RS: Were there any obstacles faced while accomplishing these two steps for a successful revamp?
NUS: Getting the first job done was relatively easy. By September last year, the other local universities (NTU, SMU and SIM) and polytechnics (Singapore Poly, Ngee Ann Poly, Temasek Poly, Nanyang Poly and Republic Poly) had indicated their interest in participating in the revamped NUS Open.
But up until then, we were nowhere closer to securing a patron or title sponsor for the tournament. Marketing ourselves as a completely student-driven initiative, there were some who doubted our ability as students to embark on such an initiative but most of the corporations and prospective patrons we approached were generally supportive of our initiative. However, they were unable to commit at that current moment.
It was at this moment that Great Eastern Life stepped in. Great Eastern Life has been active in the local sporting scene with its very own Great Eastern Women 10k and recent partnership with the S.League. Great Eastern Life believed in our ability to bring such a high profile tournament to fruition. Their involvement in the event was a great boost for all of us involved and effectively spurred us on.
And it didn't take long for a ripple effect to occur, as the other sponsors such as NewUrbanMale.com, Singapore WaterPolo and Zouk soon came on board. By then, we were ready to bring water polo to a higher level of participation and recognition not just in tertiary institutions but also in Singapore.
RS: How did the school then react to these success indicators as you mentioned NUS administration was hesitant in the beginningâ€¦? Was there a change of mind?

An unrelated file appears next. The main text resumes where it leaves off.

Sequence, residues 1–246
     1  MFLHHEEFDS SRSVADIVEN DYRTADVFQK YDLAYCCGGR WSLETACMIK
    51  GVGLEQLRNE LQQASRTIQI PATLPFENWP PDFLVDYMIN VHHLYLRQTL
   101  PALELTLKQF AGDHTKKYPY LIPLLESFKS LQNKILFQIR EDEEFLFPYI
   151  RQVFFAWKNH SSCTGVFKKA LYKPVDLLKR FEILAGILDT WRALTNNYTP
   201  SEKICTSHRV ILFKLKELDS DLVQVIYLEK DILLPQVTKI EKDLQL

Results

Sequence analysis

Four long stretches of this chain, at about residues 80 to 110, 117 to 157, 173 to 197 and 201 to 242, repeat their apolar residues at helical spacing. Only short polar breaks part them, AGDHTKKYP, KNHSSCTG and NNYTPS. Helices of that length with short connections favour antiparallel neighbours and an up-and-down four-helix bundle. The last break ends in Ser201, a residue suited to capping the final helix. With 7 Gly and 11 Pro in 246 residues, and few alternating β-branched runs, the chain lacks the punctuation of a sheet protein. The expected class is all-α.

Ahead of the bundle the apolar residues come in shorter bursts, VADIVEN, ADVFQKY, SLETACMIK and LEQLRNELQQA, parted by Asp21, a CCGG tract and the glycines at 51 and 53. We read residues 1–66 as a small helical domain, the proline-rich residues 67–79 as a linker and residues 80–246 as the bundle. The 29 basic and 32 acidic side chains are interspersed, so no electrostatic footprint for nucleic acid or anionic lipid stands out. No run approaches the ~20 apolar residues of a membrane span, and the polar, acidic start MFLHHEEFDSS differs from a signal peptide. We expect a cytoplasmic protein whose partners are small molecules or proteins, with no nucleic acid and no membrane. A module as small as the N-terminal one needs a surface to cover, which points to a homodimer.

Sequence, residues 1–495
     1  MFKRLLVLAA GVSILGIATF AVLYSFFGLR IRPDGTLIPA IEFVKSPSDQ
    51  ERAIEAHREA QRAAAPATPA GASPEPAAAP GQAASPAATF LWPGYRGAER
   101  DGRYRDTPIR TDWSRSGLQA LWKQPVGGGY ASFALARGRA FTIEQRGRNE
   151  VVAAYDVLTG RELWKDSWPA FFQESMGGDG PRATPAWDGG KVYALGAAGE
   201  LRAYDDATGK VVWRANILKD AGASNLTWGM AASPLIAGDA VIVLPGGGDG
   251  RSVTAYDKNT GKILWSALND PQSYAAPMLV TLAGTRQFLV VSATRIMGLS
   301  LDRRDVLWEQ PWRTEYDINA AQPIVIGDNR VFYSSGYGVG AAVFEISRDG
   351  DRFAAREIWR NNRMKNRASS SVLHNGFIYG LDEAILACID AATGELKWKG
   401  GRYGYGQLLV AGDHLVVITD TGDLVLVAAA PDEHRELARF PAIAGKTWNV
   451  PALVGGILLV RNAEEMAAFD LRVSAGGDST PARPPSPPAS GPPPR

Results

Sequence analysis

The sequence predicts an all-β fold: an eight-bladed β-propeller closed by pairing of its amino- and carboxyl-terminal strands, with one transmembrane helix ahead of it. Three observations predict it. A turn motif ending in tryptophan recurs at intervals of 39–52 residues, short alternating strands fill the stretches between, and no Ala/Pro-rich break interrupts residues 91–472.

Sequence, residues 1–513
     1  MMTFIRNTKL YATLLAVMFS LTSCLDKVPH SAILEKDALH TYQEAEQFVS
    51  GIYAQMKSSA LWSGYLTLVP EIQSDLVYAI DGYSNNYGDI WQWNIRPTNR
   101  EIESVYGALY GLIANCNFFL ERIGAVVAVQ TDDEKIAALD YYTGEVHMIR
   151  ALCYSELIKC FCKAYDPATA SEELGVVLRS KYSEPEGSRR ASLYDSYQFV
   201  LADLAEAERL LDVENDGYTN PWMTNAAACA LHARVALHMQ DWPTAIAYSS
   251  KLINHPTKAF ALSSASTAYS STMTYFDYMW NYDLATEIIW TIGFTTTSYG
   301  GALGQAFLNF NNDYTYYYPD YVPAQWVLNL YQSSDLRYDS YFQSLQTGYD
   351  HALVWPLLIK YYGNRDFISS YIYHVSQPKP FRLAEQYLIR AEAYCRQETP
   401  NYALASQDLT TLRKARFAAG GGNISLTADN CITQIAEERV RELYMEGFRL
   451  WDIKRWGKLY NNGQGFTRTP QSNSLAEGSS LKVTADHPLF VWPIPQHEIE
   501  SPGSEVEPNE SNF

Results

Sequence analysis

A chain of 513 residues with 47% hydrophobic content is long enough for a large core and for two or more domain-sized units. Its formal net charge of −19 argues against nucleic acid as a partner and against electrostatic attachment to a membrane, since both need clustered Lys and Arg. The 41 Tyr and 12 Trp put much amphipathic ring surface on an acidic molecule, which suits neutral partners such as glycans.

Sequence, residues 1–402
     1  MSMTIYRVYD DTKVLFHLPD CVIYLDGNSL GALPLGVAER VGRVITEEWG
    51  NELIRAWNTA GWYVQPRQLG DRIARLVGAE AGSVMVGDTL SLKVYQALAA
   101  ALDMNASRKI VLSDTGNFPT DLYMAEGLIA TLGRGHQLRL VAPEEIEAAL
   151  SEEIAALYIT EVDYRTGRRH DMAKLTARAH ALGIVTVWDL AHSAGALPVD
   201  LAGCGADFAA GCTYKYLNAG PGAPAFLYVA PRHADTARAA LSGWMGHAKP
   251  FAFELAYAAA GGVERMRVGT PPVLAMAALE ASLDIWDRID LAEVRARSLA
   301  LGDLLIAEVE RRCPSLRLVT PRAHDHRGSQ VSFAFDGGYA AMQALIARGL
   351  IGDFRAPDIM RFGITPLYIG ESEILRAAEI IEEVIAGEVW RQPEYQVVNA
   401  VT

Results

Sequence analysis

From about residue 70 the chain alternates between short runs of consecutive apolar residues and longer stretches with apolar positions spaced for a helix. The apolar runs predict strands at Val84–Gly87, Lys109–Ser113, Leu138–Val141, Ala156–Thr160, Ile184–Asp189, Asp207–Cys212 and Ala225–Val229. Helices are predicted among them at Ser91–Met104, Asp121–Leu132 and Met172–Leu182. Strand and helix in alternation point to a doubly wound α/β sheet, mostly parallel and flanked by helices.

NUS: Yes there was. And to recognise our efforts, the school administration then lobbied the IVP Council for the reinstatement of Water Polo in the IVP Calendar for the academic year 2009/2010. One of the key reasons cited for the eventual successful inclusion was the united front put together by all the tertiary water polo team captains in supporting the NUS Open.
All our efforts culminated in the NUS-Great Eastern Water Polo Challenge held over two weeks in January 2009. It was the first time a tertiary sporting tournament of this scale was conceptualized, organized and run by students. Most of us have had no experience in the organization and running of the event but we are thankful for the support and understanding shown by our sponsors and the school administration.
RS: So can you conclude your success story by sharing with us the lessons you have learnt from this virgin experience?
NUS: We believe that Singapore is moving towards the goal of being both a regional and international sporting hub. So to accomplish its aim, there is a growing call for sporting leaders, administrators and volunteers to step up and answer the call.
Events such as the NUS-Great Eastern Water Polo Challenge will provide a holistic approach to tertiary level sports involvement by providing young budding student-athletes the chance to move beyond the playing field and hone their administrative and leadership skills.
The experience of being involved from the conceptualization to the organization and to the daily running of the tournament was an invaluable one for all of us involved. We believe that an experience like this helps a student to develop organizational and management skills that are quintessential for future leaders – be it in Singapore sports or in other sectors.
For more details of the NUS water polo team's effort in resurrecting their sport in the IVP league, do contact Andre Teo at [email protected]
NUS water polo players – Matthew, Nigel and Diyang (left to right) – sharing a joke at the NUS-Great Eastern Water Polo Challenge’s final. (Photo 2 © NUS)
Brothers Bryon Teo and Andre Teo (right) are instrumental figures in resurrecting water polo in the IVP Games. (Photo 3 © NUS)
What a block! (Photo 4 © NUS)
“I’m a better number 4 than you, hoo-ah!” (Photo 5 © NUS)
Swam dunk! (Photo 6 © NUS)
Participants of the 2009 NUS-Great Eastern Water Polo Challenge. (Photo 7 © NUS)